At first glance, it seems like this week's books have nothing at all in common. A dark, magical novel about a girl torn between two worlds, and a grimly truthful memoir about a boy growing up in poverty--yeesh. But: I've been meaning to read both of them for what seems like forever. Yes, Daughter of Smoke and Bone has been out for four months and Angela's Ashes has been out for nearly thirteen years, but time is relative, right? Anyway, these books were excellent--if there was a 4.5 star option on Goodreads, that would have been my rating for both of them.
(Also, here's a perk of waiting 13 years to read a book: as soon as I finished Angela's Ashes, I started reading 'Tis, whereas the big news this week is that Laini Taylor has announced the title to the sequel of Daughter of Smoke and Bone. For those who haven't seen it yet: it's Days of Blood and Starlight.)
Without further ado--here's what I read this week
Daughter of Smoke and Bone by Laini Taylor
My rating: 4 of 5 stars
I know people have been excited to hear my reaction to this one. So let me explain the four stars, which seems to be a shockingly low rating for a book that topped the "best of 2011" lists of so many people I enjoy. This book started at a disadvantage with me. It's not that I don't do dark--it's just that I usually do it in dystopian/postapocalyptic ways. The human kind of evil, rather than the paranormal/angels/demons/high fantasy kind of evil that this story at least kind of is. But it reminded me of people I know and love--who have spent time in Prague, or love giant puppets, or who move like gazelles. So as far as it went down the paranormal/fantasy path, it also kept setting off tiny echoes of reality. And I followed those echoes down the rabbit hole.
What I'm saying is--this book written with any details altered? Might have been a three. Or might have lingered, half-read, on the shelf.
But it was written by Laini Taylor--and I bow before her. I am a word nerd. I am. I collect words and I love them, and I met old forgotten friends in these pages, and found some new ones. I've never read a book in which the author so consistently used the exact word--and only the exact word, without ever settling for a substitute--that was called for.
And also, by the time I was done, it didn't feel as...fantastical, at least not in the way I find off-putting. I think I sometimes struggle to feel the stakes in fantasy, if they're too huge and sweeping or elven or whatever. But this book never lets you forget for a second the ties between the big, alien, faraway things--war, angels, pain tithes--and the immediate human things--family, school, friends. It also has just enough of our world laid into the struggle between angels and chimaera (in how many countries on earth has land changed hands back and forth, with each new and previous owner claiming sovereignty? In how many cultures are people sorted and segregated based on appearance?) to make the issues in the book feel important to the part of my brain that thinks about things outside of books--but it doesn't go overboard with the symbolism, because the point is the story.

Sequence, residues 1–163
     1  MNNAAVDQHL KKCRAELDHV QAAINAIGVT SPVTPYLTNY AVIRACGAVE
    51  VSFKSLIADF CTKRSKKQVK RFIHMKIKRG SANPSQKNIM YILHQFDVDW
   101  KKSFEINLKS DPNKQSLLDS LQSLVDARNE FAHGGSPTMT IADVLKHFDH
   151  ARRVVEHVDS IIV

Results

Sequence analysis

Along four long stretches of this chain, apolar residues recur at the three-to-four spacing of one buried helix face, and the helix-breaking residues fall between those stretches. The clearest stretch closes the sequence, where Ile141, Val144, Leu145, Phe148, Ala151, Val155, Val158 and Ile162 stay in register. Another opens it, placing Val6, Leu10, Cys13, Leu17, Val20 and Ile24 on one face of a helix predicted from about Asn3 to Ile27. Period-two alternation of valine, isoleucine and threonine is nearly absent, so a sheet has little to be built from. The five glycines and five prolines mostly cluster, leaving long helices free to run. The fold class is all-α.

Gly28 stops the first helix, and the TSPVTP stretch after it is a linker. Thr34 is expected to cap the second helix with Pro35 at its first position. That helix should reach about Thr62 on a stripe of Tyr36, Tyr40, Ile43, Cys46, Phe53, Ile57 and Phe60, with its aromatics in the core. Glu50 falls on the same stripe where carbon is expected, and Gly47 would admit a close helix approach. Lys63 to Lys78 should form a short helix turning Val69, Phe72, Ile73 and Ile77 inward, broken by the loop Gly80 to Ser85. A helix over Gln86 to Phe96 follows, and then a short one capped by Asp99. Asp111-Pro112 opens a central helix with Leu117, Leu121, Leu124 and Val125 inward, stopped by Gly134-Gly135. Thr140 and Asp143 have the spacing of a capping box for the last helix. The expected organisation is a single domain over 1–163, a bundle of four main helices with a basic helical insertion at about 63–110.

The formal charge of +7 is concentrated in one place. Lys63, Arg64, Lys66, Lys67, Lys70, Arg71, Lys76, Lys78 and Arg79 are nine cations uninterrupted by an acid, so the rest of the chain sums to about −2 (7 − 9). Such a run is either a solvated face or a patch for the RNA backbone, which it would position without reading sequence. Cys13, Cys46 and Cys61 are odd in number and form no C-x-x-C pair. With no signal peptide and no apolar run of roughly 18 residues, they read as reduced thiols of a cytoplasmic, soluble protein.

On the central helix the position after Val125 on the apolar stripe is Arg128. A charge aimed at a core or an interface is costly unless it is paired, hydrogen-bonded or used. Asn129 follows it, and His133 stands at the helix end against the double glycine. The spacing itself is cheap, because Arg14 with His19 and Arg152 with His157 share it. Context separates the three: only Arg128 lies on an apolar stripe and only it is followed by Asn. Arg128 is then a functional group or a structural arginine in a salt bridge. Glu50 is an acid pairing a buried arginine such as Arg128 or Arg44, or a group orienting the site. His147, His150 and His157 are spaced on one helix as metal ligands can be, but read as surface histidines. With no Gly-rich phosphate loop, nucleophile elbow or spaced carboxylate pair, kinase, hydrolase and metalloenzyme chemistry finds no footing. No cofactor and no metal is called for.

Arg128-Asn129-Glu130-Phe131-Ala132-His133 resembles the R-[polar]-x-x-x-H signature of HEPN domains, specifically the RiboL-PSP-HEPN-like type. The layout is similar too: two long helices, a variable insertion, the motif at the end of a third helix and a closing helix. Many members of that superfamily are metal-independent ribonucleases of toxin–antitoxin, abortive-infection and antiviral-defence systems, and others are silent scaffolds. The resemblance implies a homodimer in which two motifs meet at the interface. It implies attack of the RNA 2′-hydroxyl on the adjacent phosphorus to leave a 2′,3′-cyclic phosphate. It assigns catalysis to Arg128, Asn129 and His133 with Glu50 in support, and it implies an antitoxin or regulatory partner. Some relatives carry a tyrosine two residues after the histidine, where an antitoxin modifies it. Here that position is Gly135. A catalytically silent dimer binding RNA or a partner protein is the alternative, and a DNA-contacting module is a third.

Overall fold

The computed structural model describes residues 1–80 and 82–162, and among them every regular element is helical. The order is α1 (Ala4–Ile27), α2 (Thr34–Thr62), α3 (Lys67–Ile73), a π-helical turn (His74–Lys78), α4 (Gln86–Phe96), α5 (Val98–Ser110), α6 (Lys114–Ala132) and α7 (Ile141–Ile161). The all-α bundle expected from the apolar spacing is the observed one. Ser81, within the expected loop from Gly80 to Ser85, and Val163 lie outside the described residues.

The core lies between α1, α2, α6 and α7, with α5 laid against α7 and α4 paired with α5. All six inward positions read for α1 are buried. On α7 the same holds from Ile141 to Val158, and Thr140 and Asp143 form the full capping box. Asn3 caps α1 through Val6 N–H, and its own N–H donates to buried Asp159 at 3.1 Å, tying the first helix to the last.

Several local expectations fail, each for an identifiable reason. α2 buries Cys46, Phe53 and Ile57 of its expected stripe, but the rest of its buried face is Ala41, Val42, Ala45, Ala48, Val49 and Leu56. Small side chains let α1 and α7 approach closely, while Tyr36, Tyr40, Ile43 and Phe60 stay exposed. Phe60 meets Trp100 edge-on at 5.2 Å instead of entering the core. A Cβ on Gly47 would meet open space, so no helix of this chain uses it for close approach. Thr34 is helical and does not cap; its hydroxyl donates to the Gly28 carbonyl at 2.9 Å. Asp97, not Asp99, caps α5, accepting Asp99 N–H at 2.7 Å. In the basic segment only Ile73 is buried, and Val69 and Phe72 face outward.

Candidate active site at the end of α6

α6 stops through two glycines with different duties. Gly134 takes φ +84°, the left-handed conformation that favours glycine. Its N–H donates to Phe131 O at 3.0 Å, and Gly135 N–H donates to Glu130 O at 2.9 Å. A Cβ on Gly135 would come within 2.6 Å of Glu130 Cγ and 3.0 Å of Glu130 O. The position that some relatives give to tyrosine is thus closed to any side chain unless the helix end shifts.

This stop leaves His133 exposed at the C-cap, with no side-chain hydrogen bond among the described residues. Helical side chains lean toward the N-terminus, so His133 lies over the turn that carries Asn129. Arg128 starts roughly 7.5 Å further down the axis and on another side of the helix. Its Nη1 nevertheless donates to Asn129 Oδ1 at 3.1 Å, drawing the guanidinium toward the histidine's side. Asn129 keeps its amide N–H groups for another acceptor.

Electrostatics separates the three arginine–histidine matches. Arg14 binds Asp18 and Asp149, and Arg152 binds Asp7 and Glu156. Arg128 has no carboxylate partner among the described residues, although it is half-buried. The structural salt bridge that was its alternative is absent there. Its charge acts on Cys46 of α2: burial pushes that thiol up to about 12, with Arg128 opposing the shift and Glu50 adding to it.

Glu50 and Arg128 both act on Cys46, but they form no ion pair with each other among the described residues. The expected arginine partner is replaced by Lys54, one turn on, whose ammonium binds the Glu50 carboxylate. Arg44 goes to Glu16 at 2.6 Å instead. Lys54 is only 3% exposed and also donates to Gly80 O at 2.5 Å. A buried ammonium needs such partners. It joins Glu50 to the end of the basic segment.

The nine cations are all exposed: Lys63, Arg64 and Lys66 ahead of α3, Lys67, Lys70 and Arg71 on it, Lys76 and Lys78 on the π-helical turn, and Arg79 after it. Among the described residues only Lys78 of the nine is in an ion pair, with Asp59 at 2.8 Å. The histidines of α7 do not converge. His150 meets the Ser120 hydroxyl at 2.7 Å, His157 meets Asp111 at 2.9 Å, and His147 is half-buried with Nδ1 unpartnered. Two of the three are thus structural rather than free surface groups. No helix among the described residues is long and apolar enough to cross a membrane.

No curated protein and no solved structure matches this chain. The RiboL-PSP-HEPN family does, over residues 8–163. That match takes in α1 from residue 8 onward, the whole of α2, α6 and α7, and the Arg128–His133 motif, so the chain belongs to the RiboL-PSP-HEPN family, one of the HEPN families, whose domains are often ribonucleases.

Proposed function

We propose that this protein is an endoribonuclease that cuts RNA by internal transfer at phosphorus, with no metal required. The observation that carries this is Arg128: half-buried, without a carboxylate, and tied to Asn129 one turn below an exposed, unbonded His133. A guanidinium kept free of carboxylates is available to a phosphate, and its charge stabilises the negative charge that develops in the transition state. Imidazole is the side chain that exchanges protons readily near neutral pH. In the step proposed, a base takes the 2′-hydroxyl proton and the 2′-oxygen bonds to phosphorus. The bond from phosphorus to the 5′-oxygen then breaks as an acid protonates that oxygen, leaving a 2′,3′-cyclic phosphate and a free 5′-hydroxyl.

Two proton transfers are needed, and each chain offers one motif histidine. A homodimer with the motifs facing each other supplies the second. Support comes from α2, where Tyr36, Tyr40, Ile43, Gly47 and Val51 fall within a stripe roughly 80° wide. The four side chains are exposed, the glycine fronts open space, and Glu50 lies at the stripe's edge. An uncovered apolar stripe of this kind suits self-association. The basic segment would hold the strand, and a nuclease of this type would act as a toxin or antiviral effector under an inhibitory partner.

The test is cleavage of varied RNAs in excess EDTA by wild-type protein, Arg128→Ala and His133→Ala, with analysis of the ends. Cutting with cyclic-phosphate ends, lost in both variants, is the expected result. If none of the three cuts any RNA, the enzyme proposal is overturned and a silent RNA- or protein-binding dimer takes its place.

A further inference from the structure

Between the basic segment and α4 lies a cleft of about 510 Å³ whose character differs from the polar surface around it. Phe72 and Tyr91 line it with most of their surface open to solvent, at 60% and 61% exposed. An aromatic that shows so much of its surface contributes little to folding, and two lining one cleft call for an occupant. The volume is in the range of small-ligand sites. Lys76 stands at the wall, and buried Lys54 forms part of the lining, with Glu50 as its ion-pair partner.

Anyway, thanks to the dozens of people who raved about this--I probably would not have picked it up, or kept with it in the beginning of the book, without you. And I'm definitely glad I did. I want more!
Angela's Ashes by Frank McCourtMy rating: 4 of 5 stars
I was surprised by how un-maudlin and, frankly, funny this book is. It also reads more like a YA novel than a typical memoir--the first-person present-tense narration by a narrator who's between the ages of 2-19 or so as the book progresses. Obviously, there's really awful hardship and family tragedy, but the way it's written saves it from too much sentimentality. It read a bit slower than my normal books, but not in a bad way...I found myself thinking about it on my way down to the subway and between classes. I'm already onto 'Tis, which I'm enjoying a lot as well.
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Waiting in the wings:
McNally Jackson. I convinced him that I should be able to buy one book, to support indie bookstores. We left with three--a volume of Neil Gaiman's Sandman for him, The Boneshaker by Kate Milford for me--and Cinder, because when Mr. S saw a China Mieville book he'd been meaning to read, he decided he wanted it on his Kindle instead, but then felt guilty about that so he told me to get a second book to make up for it. I liked that logic just fine, especially because now I can read Ash and Cinder back-to-back, and maybe even go back to some of the literary theory I researched when I taught a class on Fairytales and Mythology last year. I'm a super-nerd. Oh well.)